Wonderfest Begins Tomorrow! Full Schedule Here!

 November 18 | 5 pm until 9 pm
Detroit City Tree Lighting

The tree will be placed in Detroit’s award-winning and internationally-acclaimed Campus Martius Park, at the majestic Woodward Fountain and adjacent to the popular Ice Rink. Continuing what the Detroit Free Press has called a “Great New Detroit Family Tradition,” the tree will be lit in a spectacular ceremony on Nov. 18.

November 18 | 4pm
Grand Opening

Come in and enjoy Detroit's Christmas Wonderfest with over 50 stores a carousel and a ferris wheel.

November 24th | 9 am
America's Thanksgiving Day Parade

For more information about America's Thanksgiving Day Parade go to TheParade.org

Christmas Fest Hours

Friday, November 18- 4pm until 10pm

Saturday, November 19- 10am until 10pm

Sunday, November 20- Noon until 8pm

Monday, November 21 - Noon until 8pm

Tuesday, November 22- Noon until 8pm

Wednesday, November 23- Noon until 8pm

Thursday, November 24- 9am until 1pm

Friday, November 25- 10am until 10pm

Saturday, November 26- 10am until 10pm

Sunday, November 27- Noon until 8pm.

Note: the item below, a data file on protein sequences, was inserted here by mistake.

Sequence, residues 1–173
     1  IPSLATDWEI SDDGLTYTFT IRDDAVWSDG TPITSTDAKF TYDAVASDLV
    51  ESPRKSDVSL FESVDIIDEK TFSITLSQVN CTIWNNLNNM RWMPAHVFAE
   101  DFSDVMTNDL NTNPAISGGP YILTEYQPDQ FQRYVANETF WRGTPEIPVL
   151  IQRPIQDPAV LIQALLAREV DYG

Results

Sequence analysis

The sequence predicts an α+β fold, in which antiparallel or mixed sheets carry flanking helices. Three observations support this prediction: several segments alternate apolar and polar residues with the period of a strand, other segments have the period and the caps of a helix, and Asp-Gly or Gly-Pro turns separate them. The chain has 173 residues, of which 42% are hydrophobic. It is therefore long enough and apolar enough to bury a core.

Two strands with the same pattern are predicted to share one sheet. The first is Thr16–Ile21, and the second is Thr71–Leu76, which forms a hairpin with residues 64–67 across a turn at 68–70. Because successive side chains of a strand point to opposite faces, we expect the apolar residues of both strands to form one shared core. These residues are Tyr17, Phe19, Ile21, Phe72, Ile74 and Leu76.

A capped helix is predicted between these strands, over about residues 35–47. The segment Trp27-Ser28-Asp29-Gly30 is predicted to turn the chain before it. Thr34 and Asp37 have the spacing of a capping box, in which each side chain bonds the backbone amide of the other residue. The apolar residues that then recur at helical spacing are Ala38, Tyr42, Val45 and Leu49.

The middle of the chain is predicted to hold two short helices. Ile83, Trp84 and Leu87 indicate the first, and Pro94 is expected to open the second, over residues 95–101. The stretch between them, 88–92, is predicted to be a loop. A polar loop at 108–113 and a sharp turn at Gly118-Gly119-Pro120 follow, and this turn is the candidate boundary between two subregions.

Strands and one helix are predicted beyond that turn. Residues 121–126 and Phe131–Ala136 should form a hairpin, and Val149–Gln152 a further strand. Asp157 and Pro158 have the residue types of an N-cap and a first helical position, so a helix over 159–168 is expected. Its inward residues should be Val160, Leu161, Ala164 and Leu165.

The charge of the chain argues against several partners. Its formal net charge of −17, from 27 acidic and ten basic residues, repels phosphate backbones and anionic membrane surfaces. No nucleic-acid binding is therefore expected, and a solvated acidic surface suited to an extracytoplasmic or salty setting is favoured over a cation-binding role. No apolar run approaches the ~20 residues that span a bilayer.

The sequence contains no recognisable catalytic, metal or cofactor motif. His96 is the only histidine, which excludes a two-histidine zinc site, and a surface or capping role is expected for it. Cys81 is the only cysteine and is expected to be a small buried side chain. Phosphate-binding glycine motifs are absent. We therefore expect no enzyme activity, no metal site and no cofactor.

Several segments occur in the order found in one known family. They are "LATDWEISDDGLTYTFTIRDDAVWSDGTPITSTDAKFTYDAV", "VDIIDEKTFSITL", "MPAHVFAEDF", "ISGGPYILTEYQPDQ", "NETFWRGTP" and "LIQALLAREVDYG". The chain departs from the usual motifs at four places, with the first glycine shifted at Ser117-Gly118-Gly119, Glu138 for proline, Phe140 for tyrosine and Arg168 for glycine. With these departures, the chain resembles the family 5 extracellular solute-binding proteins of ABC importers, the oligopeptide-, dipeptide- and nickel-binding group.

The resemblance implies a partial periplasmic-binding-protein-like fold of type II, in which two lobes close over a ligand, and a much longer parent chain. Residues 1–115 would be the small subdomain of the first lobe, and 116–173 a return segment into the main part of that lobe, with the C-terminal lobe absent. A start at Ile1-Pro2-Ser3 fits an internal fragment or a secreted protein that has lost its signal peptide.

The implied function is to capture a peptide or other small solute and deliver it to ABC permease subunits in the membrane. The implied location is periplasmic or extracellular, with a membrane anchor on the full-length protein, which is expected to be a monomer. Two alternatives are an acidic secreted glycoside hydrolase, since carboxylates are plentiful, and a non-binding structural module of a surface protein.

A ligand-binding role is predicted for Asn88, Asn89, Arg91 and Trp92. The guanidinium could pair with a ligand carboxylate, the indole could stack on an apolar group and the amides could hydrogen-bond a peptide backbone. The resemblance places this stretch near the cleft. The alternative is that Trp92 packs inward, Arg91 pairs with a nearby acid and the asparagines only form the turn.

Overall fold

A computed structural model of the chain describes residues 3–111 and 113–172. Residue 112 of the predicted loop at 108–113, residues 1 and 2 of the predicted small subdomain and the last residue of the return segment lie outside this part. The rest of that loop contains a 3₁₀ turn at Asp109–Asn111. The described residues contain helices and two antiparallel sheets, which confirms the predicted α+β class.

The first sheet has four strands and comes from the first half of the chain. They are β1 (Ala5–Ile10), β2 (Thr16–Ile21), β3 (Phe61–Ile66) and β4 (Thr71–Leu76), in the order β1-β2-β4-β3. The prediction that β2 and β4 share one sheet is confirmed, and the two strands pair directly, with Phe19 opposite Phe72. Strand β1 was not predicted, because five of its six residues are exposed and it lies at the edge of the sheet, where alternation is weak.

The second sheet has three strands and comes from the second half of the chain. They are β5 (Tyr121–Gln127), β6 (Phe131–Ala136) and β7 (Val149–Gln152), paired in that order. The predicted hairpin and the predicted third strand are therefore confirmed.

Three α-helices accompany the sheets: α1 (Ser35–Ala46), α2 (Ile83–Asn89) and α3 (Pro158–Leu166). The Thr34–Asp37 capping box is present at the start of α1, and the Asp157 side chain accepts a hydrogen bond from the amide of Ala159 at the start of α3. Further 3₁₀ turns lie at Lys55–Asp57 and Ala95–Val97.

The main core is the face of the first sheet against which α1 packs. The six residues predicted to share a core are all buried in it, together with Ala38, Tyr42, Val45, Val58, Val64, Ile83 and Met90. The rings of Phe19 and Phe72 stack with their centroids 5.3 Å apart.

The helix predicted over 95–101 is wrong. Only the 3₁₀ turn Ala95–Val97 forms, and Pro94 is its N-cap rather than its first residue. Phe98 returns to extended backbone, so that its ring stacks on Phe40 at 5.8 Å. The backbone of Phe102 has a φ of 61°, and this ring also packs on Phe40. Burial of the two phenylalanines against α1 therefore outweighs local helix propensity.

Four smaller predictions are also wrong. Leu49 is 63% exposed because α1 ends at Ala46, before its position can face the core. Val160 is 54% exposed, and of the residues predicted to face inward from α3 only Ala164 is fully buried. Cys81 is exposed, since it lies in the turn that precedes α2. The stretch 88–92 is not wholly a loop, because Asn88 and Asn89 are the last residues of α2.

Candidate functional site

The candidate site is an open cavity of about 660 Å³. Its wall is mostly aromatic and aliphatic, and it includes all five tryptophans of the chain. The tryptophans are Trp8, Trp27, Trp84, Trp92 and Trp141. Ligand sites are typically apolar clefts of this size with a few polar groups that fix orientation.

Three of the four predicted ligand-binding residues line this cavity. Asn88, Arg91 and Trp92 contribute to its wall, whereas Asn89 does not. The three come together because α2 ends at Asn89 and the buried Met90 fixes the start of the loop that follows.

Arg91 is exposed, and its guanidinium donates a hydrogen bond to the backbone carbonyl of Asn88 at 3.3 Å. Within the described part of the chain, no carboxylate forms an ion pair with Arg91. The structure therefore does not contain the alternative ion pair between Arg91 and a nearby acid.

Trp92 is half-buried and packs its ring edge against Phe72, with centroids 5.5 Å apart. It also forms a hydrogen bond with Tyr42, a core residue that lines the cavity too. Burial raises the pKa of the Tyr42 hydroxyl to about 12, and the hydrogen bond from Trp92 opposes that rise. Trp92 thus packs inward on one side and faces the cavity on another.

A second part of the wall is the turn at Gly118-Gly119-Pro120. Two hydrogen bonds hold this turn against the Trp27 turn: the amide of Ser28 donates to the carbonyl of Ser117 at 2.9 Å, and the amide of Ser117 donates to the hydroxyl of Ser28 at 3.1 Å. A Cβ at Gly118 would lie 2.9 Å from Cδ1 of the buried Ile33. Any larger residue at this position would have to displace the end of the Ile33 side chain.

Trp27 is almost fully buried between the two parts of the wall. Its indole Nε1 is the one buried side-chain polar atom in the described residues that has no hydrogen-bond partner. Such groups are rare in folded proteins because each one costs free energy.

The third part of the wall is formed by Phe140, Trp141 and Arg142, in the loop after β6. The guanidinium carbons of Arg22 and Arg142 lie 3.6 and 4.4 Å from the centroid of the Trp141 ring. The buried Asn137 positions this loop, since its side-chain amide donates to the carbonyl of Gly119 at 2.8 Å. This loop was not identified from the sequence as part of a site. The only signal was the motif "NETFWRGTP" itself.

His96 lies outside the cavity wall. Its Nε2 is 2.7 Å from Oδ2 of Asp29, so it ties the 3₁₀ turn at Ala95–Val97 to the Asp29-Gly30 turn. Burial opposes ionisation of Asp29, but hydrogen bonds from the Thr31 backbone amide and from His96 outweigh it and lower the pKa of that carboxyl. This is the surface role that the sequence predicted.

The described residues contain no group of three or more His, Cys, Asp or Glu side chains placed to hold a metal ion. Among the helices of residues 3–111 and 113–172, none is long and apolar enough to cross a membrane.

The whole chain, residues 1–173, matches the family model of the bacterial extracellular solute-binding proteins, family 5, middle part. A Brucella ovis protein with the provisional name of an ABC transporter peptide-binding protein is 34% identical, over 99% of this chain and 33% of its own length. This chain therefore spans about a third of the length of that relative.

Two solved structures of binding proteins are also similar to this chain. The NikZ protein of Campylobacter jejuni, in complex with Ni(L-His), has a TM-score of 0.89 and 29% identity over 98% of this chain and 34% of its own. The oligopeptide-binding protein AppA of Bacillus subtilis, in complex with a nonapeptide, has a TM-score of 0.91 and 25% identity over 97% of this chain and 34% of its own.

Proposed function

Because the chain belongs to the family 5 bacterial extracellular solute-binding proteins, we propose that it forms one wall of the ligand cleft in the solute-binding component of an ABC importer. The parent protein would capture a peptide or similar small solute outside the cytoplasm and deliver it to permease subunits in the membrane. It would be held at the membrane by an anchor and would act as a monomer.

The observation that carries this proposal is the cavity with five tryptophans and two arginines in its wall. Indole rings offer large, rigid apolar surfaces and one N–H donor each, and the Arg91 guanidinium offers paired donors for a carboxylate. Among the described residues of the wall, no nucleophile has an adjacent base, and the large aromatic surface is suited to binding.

November 18, 2011 |
Santa's Hours

Santa will be visiting with kids and families inside the Compuware lobby, directly north of Campus Martius Park.

Friday, November 18- 5pm until 9pm

Saturday, November 19- Noon until 8 pm

Sunday, November 20- Noon until 6 pm

Monday, November 21- 4pm until 8 pm

Tuesday, November 22- 4pm until 8 pm

Wednesday, November 23- 4pm until 8 pm

Thursday, November 24- Noon until 3pm

Friday, November 25- Noon until 8pm

Saturday, November 26- Noon until 8pm

Sunday, November 27- Noon until 6pm

November 18 |
Ride Hours


Friday, November 18- 4pm until 11pm

Saturday, November 19- 11am until 11pm

Sunday, November 20- Noon until 8pm

Monday, November 21- Noon until 8pm

Tuesday, November 22- Noon until 8pm

Wednesday, November 23- Noon until 8pm

Thursday, November 24- 9am until ????

Friday, November 25- 11am until 11pm

Saturday, November 26- 11am until 11pm

Sunday, November 27- Noon until 8pm.

November 18, 2011 |
Hofbrau Haus Hours

November 18, Friday: 4pm – 12am

November 19, Saturday:  10am – 12am

November 20, Sunday:  12pm – 12am

November 21, Monday:  12pm – 12am

November 22, Tuesday:  12pm – 12am

November 23, Wednesday:  12pm -12am

November 24, Thursday:  9am – 1 pm

November 25, Friday:  12pm -12am

November 26, Saturday:  10am – 12am

November 27, Sunday:  12pm – 8pm

Holiday Music
November 18-27 | Schedule TBD
Enjoy holiday music live on the Campus Martius Stage throughout the holiday season.

November 17 until March 6 | Varies